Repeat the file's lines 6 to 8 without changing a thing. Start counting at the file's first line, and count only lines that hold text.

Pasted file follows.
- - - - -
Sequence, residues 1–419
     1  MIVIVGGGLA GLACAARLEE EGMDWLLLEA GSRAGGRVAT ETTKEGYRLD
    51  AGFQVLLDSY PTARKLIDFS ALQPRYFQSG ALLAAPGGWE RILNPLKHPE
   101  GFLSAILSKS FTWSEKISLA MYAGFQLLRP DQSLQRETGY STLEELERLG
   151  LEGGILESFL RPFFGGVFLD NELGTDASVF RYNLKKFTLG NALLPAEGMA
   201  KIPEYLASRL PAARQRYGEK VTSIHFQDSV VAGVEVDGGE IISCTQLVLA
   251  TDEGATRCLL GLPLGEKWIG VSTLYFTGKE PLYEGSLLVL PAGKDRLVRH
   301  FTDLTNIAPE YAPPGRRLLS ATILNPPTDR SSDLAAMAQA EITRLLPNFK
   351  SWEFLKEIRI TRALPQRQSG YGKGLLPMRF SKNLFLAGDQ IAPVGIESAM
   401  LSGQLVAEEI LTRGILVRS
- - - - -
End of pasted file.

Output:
   201  KIPEYLASRL PAARQRYGEK VTSIHFQDSV VAGVEVDGGE IISCTQLVLA
   251  TDEGATRCLL GLPLGEKWIG VSTLYFTGKE PLYEGSLLVL PAGKDRLVRH
   301  FTDLTNIAPE YAPPGRRLLS ATILNPPTDR SSDLAAMAQA EITRLLPNFK